A 54-acre Marble property was recently donated with the intent to preserve public access and wildlife habitat. The property boasts extensive wetlands with ample beaver activity. Photo by Olivia Emmer

A long-sought Marble-area land donation was completed at the end of 2021 between an anonymous donor and the Trust for Land Restoration (TLR), a Ridgway-based nonprofit. The property, a 54-acre strip of land with wetlands on one side and steep forested hillside on the other, has been used by the public for river access for decades.

John Armstrong, president of the Crystal Valley Environmental Protection Association (CVEPA), shepherded the project. Armstrong says the owner started pursuing donation of the property in 2008, but the presence of 100-year-old mine waste deterred several potential recipients from accepting the donation, citing environmental liability concerns.

After two promising efforts to take on the property by both the Aspen Valley Land Trust (AVLT) and Pitkin County Open Space and Trails (PCOST) were unsuccessful, Armstrong had nearly run out of time to save the wetlands. The donor had given a 2021 deadline and was considering selling if she couldn’t find a recipient.

Just days before the end of the year, Armstrong pitched the property to TLR. “This is exactly the kind of deal TLR was created to help complete,” says their Executive Director, Pat Willits. According to their website, TLR is “dedicated to understanding and overcoming environmental liability issues so that abandoned mines in the West can be remediated and restored.” The deed was recorded in Gunnison County just hours before the end of business for 2021.

After working with the Colorado Department of Public Health and Environment (CDPHE) to assure public safety and resolve any environmental liability problems, TLR intends to transfer the property to a long-term owner. Potential owners include AVLT, the town of Marble, PCOST and the Colorado Division of Parks and Wildlife, which owns adjacent land. Site mitigation will likely include buck-and-rail fencing around the “slag pile” and the removal of errant debris.

Armstrong says that the study done by CDPHE supports the idea “that the slag heap being out in the open air doesn’t pose a threat to the environment and health of visitors.”

The property, now being referred to as the “Marble Wetlands Preserve,” sits across the Crystal River from the town of Marble. It runs, more-or-less, along the Crystal River near its confluence with Yule Creek down to its confluence with Carbonate Creek, above the Marble Mill Site Park. Users typically enter the property from CPW land off of West Third Street, also referred to as Quarry Road. Approximately three-quarters of a mile of trail exists due to an old railroad grade.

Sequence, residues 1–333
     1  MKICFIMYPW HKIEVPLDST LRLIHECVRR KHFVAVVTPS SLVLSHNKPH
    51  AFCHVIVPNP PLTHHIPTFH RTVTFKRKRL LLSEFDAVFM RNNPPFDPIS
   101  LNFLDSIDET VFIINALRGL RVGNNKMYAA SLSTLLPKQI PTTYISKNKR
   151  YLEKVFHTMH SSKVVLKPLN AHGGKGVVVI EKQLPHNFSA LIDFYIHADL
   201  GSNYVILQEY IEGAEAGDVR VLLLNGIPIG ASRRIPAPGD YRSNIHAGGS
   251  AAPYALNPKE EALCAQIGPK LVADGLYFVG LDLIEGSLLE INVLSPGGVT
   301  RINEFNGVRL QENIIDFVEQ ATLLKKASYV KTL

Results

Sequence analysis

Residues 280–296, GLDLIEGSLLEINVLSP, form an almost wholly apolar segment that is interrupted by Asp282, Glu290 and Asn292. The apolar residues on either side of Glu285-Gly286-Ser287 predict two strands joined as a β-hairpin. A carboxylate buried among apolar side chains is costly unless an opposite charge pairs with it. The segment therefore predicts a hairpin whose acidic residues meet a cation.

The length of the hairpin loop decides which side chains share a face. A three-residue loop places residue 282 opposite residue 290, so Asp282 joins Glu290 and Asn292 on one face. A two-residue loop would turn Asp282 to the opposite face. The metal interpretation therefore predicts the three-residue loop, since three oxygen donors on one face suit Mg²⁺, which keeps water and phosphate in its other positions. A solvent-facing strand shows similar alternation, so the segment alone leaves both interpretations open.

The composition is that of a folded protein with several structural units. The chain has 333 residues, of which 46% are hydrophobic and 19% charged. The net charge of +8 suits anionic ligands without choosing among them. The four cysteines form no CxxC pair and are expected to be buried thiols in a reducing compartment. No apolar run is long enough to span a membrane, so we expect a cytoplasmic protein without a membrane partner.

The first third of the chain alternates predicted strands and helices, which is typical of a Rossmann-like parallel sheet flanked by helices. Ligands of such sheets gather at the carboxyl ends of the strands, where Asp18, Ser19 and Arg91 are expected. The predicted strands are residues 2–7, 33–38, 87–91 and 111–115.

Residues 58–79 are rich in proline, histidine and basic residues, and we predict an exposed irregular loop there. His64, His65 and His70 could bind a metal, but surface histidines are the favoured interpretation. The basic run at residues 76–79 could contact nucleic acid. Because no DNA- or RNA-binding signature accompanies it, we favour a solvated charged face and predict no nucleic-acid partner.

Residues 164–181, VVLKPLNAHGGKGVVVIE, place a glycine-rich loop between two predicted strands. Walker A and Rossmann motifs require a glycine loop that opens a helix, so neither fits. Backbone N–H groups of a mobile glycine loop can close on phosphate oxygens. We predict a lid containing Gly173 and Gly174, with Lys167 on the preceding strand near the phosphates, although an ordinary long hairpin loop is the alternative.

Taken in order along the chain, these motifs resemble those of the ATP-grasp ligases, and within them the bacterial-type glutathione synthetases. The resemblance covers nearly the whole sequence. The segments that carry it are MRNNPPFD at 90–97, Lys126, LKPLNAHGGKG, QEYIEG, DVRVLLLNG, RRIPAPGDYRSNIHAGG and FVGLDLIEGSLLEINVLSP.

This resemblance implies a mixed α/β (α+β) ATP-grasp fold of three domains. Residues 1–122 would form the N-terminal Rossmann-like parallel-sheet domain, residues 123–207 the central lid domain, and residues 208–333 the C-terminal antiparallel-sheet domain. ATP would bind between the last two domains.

Near the access point, the clear waters of the Crystal River snake by. Further upstream, beaver dams abound and the wetlands stretch from steep hillsides to Beaver Lake. Beavers are a keystone species, creating and maintaining wetlands where many other plants and animals thrive.

Alex Menard, who has lived in Marble for more than 30 years, says he’s seen moose, bald eagles, great blue herons and bears in his decades of walking the railroad bed. Menard is also curator of the Marble history museum and a volunteer at the Marble Hub. He’s coordinated public events on the property, like wildflower walks and wetlands education, as has the Roaring Fork Conservancy.

Menard admits that some locals might not be excited about the attention the trail is receiving, but he muses, “I think the only way to keep something is to share it.” Both Menard and Armstrong praised the property for its wide, flat path which has potential to be accessible to a wide range of abilities.

The trail eventually crosses onto private property near Yule Creek. Just around a bend are the Yule Creek falls. Armstrong says that people have been using this route to access the falls for around 130 years and that, “a very big goal for CVEPA is to work out an arrangement with the adjacent property owner to maintain the historic public access to the waterfall.”

Armstrong is proud of the role CVEPA played in preserving this property for the public trust. He also noted the hard work of CVEPA Vice President Dale Will, for managing the eleventh-hour paperwork to complete the transaction. He also credits Mark Rudolph of CDPHE for connecting the dots to TLR. “The fact that we were able to help with the conservation of this property right across the street from where CVEPA was founded is really pretty neat.” CVEPA is celebrating its 50th anniversary this year.